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Getting A Mortgage Loan With Low Credit Scores

Can you get a mortgage loan with less-than-perfect credit? Yes, you can, and the good news is that you can always improve your credit scores. Credit scores are based on reports from lenders, public records, government agencies, landlords and others that are compiled by credit bureaus; scores are the shorthand lenders use to make lending decisions and set interest rates, terms and fees.  

A poor credit score is between 300-579, and any score under 670 is considered “subprime,” defined by Consumerfinance.gov as a mortgage loan with a higher interest rate to compensate for the lender’s risk. Subprime loans typically come with adjustable interest rates and higher costs. 

According to Rocketmortgage.com, there’s not a specific minimum credit score that lenders use to deny credit to borrowers with questionable credit. Lenders can set their own requirements, however, so even if you have poor scores, there’s still a chance you can get a mortgage loan. Lenders also look at how much debt you have, if you have debts in collections, how much income you have, the loan-to-value of the home you want, and how much cash you have for a down payment. 

As a potential homebuyer, you may feel reluctant or embarrassed to talk to a mortgage lender but sharing key information could provide the lender better guidance. Perhaps you got behind on bills because of a job loss or limited hours during the pandemic. You could have high student debt or medical bills. You could have thin credit because you’re just starting out and have never opened accounts. Whatever your reasons, here are some suggestions to help you: 

1. Look for a lender who is willing to take time with you. Be upfront that you want to understand the process better. If you don’t know a good lender, ask for referrals from people you know who have recently purchased a home.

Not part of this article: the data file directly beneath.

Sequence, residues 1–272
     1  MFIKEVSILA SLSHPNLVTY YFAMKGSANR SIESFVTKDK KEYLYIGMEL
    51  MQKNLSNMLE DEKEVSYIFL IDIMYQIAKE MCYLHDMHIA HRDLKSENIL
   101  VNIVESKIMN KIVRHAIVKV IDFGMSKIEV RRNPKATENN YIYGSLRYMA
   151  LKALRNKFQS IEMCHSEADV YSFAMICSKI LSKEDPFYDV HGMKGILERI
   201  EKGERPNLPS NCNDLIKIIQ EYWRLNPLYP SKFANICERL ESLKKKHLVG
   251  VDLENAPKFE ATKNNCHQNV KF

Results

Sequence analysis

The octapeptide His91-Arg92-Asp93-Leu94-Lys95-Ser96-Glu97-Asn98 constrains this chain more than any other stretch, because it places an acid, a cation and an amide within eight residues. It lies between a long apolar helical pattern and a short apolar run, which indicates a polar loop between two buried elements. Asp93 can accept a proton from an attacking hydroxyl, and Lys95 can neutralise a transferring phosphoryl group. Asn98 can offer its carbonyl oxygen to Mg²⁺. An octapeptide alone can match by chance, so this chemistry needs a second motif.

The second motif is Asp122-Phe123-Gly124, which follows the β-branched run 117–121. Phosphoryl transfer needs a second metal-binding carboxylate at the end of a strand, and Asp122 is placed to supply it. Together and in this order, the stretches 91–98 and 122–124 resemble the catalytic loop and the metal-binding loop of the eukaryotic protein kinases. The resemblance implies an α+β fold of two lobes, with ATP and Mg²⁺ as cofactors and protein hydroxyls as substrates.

2. Shop around for better terms and low credit loan programs. Be willing to provide basic information your lender needs – income, debts and obligations such as child support or student loans so you can compare their rates and fees with others. 

3. You may qualify for state or private sector down payment assistance programs and grants. Look for programs in your state at USA.gov and visit sources including BankofAmerica.com and DownPaymentResource.com. Ask about FHA mortgages, VA, Fannie Mae HomeReady and Freddie Mac Home Possible loans. 

4. Tell the lender about the blemishes on your credit and ask what you can do to repair the damage. They will give you positive steps to take, such as not opening new credit cards, paying down debt, making payments on time, paying more than the minimum required, and being willing to make a larger down payment, which will improve your loan-to-value ratio. Be patient that some items may take time, but your lender may also be able to fast-track a rescore to get you approved if you pay off a derogatory, for example. 

5. Create a strict budget aimed at reducing debt and building savings. Lenders also look at your cash reserves, 401K and other saving habits, as well as where and how you spend your money.  

You aren’t just a number, but if you have a credit score lower than 500, you might find getting a mortgage challenging. Your time could be better spent focusing on improving your credit first.